Shopping in Osaka: Celebrity Ass Wipes, Relaxing Toilet Seat Covers & Painful Ramen

Today we spent the day shopping for Shogun Sr’s new room at the care house.

We went looking for bathroom wipes, which, I am not lying, were labeled “Ushiri Celeb-u”; a product name that translates to “celebrity ass.”

On our way, we passed some toilet seat covers, which we didn’t buy, but here’s a picture of one of them:

Osaka Toilet Seat Cover
Osaka Toilet Seat Cover

Then we went out for ramen. The waiter gave me a very kind bow and handed me an English version of their menu. Some choice items:

Osaka sesame ramen
Osaka sesame ramen
Osaka spicy rame
Osaka spicy ramen

My Osaka Flu Shot – If That’s What It Was

Since Shogun Sr. (my beloved father-in-law) is going soon into the care house—what the Japanese call a nursing home—I figured it was time to get my flu shot.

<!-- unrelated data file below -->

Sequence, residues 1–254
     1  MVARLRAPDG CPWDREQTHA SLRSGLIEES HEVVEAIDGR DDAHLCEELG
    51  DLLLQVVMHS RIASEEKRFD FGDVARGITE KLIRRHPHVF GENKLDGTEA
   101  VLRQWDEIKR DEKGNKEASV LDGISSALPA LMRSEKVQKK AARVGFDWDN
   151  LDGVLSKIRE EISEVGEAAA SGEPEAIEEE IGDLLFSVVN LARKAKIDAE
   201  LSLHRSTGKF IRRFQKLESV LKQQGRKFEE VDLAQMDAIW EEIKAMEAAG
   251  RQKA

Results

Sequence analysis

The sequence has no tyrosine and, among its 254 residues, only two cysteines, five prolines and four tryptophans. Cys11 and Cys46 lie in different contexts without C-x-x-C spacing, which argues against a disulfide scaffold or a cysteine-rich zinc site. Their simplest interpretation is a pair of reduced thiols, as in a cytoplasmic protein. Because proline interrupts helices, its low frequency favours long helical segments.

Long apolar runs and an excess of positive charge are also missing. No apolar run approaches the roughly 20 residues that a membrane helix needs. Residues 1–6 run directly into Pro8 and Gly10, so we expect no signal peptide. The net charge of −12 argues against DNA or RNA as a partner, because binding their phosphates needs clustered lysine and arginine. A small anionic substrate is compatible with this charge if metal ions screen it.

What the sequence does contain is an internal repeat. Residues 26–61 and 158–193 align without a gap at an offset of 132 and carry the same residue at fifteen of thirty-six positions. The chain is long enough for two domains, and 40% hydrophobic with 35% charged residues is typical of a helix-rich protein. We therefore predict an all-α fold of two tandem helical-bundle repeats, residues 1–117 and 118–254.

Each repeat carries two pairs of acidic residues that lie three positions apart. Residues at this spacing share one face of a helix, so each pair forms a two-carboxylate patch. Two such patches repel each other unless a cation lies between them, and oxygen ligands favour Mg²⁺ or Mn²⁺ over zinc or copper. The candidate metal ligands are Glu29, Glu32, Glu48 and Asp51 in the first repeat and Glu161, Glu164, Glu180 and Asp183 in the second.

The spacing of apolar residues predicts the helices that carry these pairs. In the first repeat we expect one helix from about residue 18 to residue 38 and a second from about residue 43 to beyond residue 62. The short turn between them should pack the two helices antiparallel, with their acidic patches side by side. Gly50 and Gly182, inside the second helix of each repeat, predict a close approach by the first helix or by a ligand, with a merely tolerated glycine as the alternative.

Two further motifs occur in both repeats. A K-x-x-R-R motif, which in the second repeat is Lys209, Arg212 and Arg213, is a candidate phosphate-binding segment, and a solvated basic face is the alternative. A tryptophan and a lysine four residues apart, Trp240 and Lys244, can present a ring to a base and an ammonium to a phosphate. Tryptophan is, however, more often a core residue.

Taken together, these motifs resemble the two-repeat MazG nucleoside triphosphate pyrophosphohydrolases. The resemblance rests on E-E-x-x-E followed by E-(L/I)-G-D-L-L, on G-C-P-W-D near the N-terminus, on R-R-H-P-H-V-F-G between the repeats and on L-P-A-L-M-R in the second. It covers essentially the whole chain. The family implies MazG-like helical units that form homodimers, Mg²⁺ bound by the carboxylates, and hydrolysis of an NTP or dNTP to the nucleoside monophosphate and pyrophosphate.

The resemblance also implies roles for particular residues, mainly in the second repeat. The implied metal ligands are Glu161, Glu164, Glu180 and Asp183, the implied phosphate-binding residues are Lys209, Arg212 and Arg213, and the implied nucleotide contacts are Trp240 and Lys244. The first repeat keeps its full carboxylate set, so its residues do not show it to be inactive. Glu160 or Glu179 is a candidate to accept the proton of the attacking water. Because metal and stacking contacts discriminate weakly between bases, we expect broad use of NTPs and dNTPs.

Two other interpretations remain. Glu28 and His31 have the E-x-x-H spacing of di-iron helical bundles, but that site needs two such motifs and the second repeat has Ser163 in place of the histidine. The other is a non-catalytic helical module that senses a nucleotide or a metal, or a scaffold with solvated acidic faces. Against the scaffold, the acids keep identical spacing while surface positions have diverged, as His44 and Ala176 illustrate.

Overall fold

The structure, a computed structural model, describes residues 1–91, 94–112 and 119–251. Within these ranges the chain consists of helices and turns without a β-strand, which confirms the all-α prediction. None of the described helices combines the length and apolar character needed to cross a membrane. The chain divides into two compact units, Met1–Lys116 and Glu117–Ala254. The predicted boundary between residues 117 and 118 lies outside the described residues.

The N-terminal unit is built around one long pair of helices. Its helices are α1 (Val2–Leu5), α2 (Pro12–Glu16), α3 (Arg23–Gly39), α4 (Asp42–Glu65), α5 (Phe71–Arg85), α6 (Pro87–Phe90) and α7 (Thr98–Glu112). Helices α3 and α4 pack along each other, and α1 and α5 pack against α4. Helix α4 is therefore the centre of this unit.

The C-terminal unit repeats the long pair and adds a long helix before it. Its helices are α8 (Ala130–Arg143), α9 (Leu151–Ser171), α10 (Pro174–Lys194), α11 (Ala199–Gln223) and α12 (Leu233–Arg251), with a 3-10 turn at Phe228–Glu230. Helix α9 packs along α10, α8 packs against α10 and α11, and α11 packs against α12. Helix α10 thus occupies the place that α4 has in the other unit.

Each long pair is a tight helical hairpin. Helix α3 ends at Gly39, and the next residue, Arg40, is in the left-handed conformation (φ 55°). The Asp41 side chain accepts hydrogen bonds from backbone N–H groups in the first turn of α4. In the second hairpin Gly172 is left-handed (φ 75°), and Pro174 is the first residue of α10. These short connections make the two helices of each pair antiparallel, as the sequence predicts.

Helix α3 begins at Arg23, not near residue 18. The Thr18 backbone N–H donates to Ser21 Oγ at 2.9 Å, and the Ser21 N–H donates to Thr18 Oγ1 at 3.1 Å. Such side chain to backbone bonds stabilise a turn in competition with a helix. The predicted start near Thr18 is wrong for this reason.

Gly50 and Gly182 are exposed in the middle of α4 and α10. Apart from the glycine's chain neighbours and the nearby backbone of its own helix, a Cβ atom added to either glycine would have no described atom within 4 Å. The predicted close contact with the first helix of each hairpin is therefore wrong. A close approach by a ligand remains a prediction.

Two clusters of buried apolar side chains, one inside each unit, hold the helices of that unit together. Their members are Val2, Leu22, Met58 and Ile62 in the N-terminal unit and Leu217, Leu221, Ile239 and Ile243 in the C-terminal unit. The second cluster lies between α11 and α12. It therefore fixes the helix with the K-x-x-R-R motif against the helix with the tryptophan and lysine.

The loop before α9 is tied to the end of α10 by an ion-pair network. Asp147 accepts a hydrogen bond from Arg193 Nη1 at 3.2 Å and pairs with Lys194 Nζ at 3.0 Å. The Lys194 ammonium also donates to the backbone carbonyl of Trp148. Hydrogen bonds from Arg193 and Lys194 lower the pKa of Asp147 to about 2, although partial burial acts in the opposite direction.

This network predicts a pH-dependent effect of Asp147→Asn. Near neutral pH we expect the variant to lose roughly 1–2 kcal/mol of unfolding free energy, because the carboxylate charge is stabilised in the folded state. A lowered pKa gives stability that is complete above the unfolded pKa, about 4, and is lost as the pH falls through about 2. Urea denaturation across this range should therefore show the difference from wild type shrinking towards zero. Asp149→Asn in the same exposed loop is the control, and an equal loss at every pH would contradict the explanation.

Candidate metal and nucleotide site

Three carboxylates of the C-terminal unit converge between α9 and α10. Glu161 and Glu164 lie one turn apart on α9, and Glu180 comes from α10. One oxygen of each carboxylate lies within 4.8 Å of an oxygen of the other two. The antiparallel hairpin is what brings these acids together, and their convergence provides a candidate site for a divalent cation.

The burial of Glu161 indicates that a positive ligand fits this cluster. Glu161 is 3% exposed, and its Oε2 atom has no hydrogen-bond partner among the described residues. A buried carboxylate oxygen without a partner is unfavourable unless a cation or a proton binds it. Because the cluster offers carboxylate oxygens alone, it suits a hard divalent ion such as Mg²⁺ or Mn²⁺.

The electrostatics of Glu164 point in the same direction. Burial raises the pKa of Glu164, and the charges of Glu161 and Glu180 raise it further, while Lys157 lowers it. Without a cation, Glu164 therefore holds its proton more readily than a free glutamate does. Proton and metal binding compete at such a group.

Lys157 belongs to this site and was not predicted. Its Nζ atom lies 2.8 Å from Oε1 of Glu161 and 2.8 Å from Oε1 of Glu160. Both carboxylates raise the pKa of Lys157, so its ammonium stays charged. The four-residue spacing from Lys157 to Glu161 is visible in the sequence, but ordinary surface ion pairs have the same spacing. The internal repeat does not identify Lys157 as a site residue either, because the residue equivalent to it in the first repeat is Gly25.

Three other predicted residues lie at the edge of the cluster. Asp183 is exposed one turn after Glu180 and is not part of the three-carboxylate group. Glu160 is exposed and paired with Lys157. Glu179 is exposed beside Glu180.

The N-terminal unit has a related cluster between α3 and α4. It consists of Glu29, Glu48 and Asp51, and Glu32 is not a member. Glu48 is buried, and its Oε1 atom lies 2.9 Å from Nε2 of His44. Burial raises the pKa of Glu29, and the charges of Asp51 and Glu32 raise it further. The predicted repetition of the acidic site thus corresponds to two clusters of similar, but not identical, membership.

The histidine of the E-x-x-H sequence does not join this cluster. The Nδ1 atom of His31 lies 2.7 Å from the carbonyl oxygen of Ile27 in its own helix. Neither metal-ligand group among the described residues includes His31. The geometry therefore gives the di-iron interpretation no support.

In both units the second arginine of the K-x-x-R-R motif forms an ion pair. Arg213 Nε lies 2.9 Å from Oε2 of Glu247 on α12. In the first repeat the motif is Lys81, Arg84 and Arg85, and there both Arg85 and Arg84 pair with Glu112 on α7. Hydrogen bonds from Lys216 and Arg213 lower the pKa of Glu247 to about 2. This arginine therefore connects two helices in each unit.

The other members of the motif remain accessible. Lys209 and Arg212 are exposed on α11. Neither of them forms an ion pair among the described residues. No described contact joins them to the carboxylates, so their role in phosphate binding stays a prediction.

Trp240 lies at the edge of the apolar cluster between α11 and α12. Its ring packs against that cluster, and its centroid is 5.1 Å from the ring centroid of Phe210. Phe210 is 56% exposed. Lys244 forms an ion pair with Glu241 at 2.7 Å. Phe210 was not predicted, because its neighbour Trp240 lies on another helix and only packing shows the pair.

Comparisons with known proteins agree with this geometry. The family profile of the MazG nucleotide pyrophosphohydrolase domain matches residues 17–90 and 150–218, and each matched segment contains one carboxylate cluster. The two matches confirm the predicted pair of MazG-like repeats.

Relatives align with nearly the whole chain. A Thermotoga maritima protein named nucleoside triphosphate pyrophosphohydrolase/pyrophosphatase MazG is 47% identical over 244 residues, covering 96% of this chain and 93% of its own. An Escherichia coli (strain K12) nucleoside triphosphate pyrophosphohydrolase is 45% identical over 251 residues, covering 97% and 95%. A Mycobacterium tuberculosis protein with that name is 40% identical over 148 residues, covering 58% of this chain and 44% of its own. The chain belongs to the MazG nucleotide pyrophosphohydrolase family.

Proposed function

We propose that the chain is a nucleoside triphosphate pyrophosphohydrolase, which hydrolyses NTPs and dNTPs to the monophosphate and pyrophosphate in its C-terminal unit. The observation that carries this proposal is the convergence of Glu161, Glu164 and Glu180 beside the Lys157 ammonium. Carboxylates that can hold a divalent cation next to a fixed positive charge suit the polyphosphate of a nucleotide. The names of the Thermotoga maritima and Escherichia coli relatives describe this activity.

I’m going home to the U.S. next week for a visit, and I didn’t want to be the one who brought the U.S. flu epidemic over to Japan when I returned, especially not when I’ll be visiting Shogun Sr. everyday after I get back. He’s worried about not being able to have cigarettes at the care house, so, like a dutiful daughter-in-law, I agreed to take him out every day for a walk and a smoke—earning me a delighted grin from Shogun Sr. So the flu shot was the least I could do.

Today I went to my neighborhood clinic to inquire about making an appointment for my shot. I’m not sure exactly what happened—since I’m never sure exactly what is happening in this country—but I asked very politely, Fu-ru shot-o yoyaku onegaishimas, “I’d like to make an appointment for a flu shot.” I took out my calendar and stood politely and expectantly while they perused my health-insurance card.